February 28, 2024

Lukmaan IAS

A Blog for IAS Examination





  • THE CONTEXT: Recently, the States of Nebraska, Minnesota and Illinois in the US were hit by a storm system called a derecho.
  • As the storm rolled in, winds gusting at around 140 km per hour, snapped power lines and knocked down trees. As the storm hit, it turned the skies green, with even many experienced storm chasers claiming to have never witnessed such atmospheric optics.

What is a derecho?

  • A derecho, according to the US’s National Weather Service is “a widespread, long-lived, straight-line windstorm” that is associated with a “band of rapidly moving showers or thunderstorms”. The name comes from the Spanish word ‘la derecha’ which means ‘straight’. Straight-line storms are those in which thunderstorm winds have no rotation unlike a tornado. These storms travel hundreds of miles and cover a vast area.
  • Being a warm-weather phenomenon, a derecho generally – not always – occurs during summertime beginning May, with most hitting in June and July. However, they are a rare occurrence as compared to other storm systems like tornadoes or hurricanes.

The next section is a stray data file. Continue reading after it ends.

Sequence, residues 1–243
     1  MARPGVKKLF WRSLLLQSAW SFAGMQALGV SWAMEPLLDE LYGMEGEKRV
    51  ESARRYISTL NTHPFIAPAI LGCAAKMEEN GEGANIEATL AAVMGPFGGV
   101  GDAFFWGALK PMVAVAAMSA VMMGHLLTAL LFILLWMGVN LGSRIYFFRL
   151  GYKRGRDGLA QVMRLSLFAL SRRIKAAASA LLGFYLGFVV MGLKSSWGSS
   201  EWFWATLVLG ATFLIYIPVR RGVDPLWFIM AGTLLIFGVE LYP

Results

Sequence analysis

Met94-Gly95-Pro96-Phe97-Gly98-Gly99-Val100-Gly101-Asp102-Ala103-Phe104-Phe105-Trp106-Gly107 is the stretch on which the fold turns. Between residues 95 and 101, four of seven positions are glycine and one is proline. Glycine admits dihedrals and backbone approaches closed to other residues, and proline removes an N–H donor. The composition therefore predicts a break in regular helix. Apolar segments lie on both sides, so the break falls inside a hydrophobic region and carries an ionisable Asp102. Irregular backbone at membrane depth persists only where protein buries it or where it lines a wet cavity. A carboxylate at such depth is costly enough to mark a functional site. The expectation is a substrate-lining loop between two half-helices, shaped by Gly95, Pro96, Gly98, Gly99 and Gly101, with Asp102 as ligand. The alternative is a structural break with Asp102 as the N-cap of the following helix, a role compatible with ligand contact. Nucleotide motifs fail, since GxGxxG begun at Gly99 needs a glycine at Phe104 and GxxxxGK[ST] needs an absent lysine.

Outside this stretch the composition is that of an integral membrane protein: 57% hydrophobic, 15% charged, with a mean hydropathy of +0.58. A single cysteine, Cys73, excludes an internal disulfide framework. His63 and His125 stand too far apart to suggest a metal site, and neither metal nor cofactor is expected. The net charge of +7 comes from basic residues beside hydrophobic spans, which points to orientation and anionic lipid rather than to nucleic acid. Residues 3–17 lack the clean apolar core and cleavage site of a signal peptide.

• For a storm to be classified as a derecho it must have wind gusts of at least 93 km per hour; wind damage swath extending more than 400 km. According to University of Oklahama’s School of Meteorology, the time gap between successive wind damage events should not be more than three hours.
  • Why did the sky turn green during the derecho that hit US recently?
  • Severe thunderstorms result in a ‘green sky’ due to light interacting with the huge amount of water they hold. A report in the Washington Post said that it is believed that the big raindrops and hail scatter away all but the blue wavelengths due to which primarily blue light penetrates below the storm cloud. This blue then combines with the red-yellow of the afternoon or the evening sun to produce green, the report said.
  • Are there different types of derechos?
  • They fall into three categories – progressive, serial and hybrid. A progressive derecho is associated with a short line of thunderstorms that may travel for hundreds of miles along a relatively narrow path. It is a summer phenomenon.
  • A serial derecho, on the other hand, has an extensive squall line – wide and long – sweeping across a large area. It usually occurs during spring or fall.
  • Hybrid ones have the features of both progressive and serial derechos.